Luteinizing hormone (LH) sets into motion a chain of cellular differentiation events that lead to ovulation. It induces both oocyte maturation and the differentiation of granulosa cells (GCs, somatic cells that surround the oocyte) into luteal cells. GCs are critical for oocyte maturation and, hence, ovulation. One of the effects of LH on GCs is to induce signaling through extracellular signal–regulated kinases (ERKs) 1 and 2 (also known as MAPKs 3 and 1). Fan et al. explored the effect of mutations in Erk1 and Erk2 on granulosa cell development and oocyte maturation in mice. GC-specific knockout of both Erk1 and Erk2 resulted in infertility due to failure of oocyte maturation, although oocytes isolated from mutants underwent meiotic maturation when stimulated in vitro. In contrast to its effects in wild-type mice, LH treatment failed to halt GC proliferation [induced by follicle-stimulating hormone (FSH), upstream in the follicle maturation pathway that leads to ovulation] or induce LH-responsive gene expression in these mutants, and mutant granulosa cells failed to differentiate. These phenotypes are similar to those observed in mutants that lack the transcription factor CCAAT/enhancer-binding protein–β (C/EBPβ), and subsequent genetics experiments suggested that C/EBPβ is activated by ERK-mediated phosphorylation. Thus, signaling through ERKs 1 and 2 induced by LH is required for the GCs to support and promote oocyte maturation. A Perspective by Duggavathi and Murphy discusses these results in the broad context of ovulation.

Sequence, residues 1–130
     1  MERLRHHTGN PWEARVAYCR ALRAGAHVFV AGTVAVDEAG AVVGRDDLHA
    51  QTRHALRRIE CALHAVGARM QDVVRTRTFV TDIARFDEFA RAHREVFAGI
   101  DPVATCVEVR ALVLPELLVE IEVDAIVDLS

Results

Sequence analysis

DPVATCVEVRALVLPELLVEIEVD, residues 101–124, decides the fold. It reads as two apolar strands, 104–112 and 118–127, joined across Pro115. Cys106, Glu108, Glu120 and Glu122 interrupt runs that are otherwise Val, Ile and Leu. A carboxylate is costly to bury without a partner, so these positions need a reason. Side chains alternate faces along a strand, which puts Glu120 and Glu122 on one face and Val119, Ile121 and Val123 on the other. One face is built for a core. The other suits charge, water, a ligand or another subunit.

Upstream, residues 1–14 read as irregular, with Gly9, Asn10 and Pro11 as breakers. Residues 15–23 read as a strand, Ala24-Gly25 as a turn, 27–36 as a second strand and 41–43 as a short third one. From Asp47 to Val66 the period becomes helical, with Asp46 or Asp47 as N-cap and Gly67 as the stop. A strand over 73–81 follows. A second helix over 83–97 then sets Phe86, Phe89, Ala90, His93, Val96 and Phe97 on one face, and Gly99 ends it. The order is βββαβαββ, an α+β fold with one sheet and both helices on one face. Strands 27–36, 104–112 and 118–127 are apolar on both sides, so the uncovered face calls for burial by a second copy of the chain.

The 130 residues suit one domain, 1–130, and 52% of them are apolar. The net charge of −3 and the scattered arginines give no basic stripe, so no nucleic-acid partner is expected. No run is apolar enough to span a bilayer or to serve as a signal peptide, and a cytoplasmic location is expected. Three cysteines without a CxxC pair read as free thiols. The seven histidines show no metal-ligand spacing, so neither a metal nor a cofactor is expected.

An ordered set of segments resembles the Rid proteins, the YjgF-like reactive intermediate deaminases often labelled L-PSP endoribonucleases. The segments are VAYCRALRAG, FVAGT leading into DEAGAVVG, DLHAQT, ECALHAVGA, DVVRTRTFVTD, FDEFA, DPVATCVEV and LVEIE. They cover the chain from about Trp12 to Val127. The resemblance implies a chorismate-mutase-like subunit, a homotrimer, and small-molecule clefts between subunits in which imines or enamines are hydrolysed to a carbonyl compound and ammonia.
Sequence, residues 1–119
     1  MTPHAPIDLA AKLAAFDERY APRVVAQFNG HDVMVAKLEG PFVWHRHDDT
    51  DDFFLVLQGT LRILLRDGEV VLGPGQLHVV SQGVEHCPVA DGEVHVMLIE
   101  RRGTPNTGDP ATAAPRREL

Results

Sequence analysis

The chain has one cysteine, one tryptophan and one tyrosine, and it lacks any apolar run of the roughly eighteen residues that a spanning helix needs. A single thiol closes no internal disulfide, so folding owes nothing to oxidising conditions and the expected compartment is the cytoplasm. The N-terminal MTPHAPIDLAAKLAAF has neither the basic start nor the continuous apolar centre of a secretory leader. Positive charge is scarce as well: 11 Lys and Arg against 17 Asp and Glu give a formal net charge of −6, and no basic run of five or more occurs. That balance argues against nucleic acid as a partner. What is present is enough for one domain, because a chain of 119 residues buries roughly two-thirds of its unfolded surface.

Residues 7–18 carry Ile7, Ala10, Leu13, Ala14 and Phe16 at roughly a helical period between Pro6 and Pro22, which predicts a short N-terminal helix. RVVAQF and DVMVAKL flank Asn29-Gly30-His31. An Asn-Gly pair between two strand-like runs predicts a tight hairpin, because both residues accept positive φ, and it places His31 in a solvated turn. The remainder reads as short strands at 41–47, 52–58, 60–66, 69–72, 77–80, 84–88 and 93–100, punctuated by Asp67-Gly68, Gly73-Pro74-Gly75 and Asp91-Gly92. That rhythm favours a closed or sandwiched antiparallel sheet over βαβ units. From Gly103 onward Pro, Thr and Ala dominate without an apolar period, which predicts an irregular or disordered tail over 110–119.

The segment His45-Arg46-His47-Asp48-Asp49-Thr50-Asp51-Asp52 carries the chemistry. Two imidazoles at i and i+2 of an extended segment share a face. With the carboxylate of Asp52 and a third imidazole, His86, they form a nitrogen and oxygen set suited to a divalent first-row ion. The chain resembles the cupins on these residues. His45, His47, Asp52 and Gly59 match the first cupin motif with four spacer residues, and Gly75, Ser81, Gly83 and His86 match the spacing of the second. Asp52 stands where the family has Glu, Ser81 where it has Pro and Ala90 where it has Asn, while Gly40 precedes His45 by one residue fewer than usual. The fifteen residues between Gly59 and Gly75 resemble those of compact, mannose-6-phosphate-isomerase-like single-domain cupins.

H.-Y. Fan, Z. Liu, M. Shimada, E. Sterneck, P. F. Johnson, S. M. Hedrick, J. S. Richards, MAPK3/1 (ERK1/2) in ovarian granulosa cells are essential for female fertility. Science 324, 938–941 (2009). [Abstract] [Full Text]